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rustrated separatists can agitate all they want to for a state of their own, but if we ever add a star to Old Glory, it’s more likely to represent Puerto Rico, American Samoa or Washington, D.C., than North Colorado. Earlier this month, voters in 11 sparsely populated Colorado counties got a chance to express their distaste for their state government — which is not geographically distant, but culturally a world away in Denver. On their ballots was an option to secede from Colorado. “We simply want to be left alone to live our lives without a dictatorial central government forcing itself upon us,” zealots explained on their website, 51ststate.org. Nonetheless, voters in only five of the 11 counties chose to pursue independence from the Mile High City. “Leave us alone” is the same argument I’ve been hearing for the past year while wandering the back roads of Northern California and southern Oregon. This Wild West territory has been talking about carving out its own state since 1854. They want to call it Jefferson — some say in honor of the third president; others say it’s for Jefferson Davis, president of the Confederacy during the Civil War. “Congress wants to control us,” grocery store clerk Ann Hanson told me, the front of her store in Klamath, Calif., festooned with the State of Jefferson seal. Rick Jones, owner of a general store in Seiad Valley, Calif., added, “All our tax money goes south [to Sacramento] and nothing comes back here.”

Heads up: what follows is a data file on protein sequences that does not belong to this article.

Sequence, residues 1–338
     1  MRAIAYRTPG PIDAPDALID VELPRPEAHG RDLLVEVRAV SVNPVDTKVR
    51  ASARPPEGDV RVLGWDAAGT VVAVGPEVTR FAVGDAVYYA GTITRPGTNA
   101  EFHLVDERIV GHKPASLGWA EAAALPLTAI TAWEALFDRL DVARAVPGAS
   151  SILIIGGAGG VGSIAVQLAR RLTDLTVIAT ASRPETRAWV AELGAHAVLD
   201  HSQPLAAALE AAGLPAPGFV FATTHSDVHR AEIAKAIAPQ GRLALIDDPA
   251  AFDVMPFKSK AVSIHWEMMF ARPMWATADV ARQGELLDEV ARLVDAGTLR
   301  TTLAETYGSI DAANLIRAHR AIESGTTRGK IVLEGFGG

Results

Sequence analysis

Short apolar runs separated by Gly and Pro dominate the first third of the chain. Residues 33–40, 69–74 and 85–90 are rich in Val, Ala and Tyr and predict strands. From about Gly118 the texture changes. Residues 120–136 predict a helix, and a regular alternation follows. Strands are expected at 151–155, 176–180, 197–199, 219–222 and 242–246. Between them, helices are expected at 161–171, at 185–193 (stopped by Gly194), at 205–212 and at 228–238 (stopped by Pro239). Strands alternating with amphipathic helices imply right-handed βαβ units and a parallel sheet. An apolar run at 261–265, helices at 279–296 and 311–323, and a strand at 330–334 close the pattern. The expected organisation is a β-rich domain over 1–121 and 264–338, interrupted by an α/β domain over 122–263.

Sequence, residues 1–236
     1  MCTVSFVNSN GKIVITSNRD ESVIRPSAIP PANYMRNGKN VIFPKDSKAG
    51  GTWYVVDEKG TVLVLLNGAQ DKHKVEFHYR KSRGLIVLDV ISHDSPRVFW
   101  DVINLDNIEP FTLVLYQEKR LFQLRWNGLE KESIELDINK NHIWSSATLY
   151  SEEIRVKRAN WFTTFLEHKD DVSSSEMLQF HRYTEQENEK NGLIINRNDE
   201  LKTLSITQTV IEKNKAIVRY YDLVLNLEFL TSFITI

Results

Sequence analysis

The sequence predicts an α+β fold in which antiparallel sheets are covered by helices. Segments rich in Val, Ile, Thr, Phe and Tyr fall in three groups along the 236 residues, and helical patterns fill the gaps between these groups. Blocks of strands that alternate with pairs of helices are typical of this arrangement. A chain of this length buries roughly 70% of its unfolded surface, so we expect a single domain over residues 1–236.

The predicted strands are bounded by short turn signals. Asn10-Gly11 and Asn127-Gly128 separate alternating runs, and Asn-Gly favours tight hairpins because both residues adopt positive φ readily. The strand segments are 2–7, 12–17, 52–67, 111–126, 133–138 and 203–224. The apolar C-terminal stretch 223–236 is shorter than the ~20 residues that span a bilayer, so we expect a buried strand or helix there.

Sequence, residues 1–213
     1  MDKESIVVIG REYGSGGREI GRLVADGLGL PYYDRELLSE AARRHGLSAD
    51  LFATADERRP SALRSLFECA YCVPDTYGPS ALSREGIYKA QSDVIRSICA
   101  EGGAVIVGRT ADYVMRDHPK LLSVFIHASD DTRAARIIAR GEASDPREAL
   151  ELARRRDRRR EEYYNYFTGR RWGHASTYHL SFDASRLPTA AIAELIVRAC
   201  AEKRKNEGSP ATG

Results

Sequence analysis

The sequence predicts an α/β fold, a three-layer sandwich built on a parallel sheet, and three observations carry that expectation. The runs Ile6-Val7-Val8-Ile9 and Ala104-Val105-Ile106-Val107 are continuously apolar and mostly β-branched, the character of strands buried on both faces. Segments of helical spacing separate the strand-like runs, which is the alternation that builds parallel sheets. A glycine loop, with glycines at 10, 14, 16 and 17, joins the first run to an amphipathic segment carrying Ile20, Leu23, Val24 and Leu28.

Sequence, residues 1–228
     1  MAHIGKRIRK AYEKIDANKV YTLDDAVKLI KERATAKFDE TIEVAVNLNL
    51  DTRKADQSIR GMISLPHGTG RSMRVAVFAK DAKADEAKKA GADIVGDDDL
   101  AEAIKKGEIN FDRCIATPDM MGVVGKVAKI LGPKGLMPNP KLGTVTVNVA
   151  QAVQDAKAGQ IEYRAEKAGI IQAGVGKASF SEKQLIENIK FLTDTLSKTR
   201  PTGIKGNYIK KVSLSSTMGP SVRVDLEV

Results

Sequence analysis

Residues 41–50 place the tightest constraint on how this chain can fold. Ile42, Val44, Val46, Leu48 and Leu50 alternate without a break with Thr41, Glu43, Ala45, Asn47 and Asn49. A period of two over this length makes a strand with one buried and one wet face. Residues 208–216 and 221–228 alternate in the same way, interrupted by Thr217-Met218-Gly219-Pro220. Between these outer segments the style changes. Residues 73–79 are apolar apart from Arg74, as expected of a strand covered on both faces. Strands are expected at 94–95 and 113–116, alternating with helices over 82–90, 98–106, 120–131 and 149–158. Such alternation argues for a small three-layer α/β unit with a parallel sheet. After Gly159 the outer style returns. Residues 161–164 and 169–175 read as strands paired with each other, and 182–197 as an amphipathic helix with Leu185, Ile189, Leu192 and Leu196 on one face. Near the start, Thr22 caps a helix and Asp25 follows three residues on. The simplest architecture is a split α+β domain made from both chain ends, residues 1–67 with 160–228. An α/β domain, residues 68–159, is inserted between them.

But that is not the case; more state money flows into Jefferson from Sacramento than the impoverished region pays California in taxes. Even so, it’s a safe bet that the 38 million citizens of the rest of California would never vote to lose their water and vacation playground to the restive few in Jefferson, and approval from the rest of a state’s voters is needed before a region can secede. Approval is also required from Congress. At this time, it’s impossible to imagine a divided Capitol Hill embracing new senators from what would be the red states of North Colorado or Jefferson. Much of rural America is needy. In Jefferson, contested water rights, endangered fisheries and land-use disputes foment frustration for residents in the midst of a job market devastated by the collapse of the timber industry. Such secession talk seems healthy. It allows those who feel aggrieved to be heard. State representatives in Salem and Sacramento should pay more attention to the people of Jefferson. At the same time, these movements offer the rest of us a metaphor for our dysfunctional national government. Without compromise, our union cannot hold. But, as Thomas Jefferson wrote in a letter to James Madison, “A little rebellion now and then is a good thing. It is a medicine necessary for the sound health of government.” University of Oregon journalism professor Peter Laufer is author of The Elusive State of Jefferson. A version of this column first appeared in High Country News (hcn.org).